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What is the full form of FEMA

FEMA: Foreign Exchange Management Act

FEMA stands for Foreign Exchange Management Act. It was introduced to replace the earlier Foreign Exchange Regulation Act (FERA) as FERA was not compatible with post-liberalisation policies. FEMA was passed in the winter session of Parliament in 1999. It became an act on 1 June 2000. According to this act, all offenses related to foreign exchange are civil offenses as opposed to criminal offenses, according to FERA.

FEMA full form

Its head office, which is called Enforcement Directorate, is located in New Delhi. It has five zonal offices, which are located in Delhi, Mumbai, Chennai, Kolkata, and Jalandhar. Each zonal office is headed by the Deputy Director. Each Zone is further divided into seven sub-zonal offices and five field units. The sub-zonal office is headed by Assistant Director, and the field unit is headed by Chief Enforcement Officer.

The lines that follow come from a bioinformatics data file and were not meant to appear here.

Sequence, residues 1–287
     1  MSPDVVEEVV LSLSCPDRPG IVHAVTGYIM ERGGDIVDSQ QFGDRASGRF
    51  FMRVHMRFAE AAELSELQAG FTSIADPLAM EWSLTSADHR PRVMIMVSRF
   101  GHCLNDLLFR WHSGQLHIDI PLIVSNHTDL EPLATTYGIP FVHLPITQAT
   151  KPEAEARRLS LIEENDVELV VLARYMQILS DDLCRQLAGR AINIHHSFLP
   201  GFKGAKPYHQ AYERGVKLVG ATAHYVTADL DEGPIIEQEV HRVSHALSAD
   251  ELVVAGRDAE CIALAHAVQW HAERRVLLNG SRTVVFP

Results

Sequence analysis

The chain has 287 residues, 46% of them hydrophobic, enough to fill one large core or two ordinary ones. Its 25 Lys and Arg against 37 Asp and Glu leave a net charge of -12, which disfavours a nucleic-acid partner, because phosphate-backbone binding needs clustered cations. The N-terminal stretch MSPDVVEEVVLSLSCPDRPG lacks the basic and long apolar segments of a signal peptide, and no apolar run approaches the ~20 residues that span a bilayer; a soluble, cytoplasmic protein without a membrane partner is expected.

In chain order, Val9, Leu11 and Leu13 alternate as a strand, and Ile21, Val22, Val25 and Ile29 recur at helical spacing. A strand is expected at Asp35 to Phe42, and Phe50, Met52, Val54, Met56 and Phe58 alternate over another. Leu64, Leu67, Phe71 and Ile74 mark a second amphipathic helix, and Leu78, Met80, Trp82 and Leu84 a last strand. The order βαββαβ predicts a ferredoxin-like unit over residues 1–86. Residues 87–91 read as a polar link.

The key objective of the FEMA is to consolidate and amend the laws related to foreign exchange to facilitate external trade and payments. The other objective for which it is formulated is to promote the orderly development and maintenance of the foreign exchange market in India. FEMA is applicable throughout India. It is also applicable to all offices and agencies which are outside India but owned or controlled by a person who is a citizen of India.

Main Features

  • It allows you to sell or draw foreign exchange without prior permission from RBI; you can later inform the RBI.
  • It is consistent with current account convertibility and offers provisions for progressive liberalization of capital account transactions.
  • It lays down the areas which require permission from RBI or Govt. of India regarding the acquisition or holding of foreign exchange.
  • It has classified foreign exchange transactions into two categories; capital account transactions and current account transactions.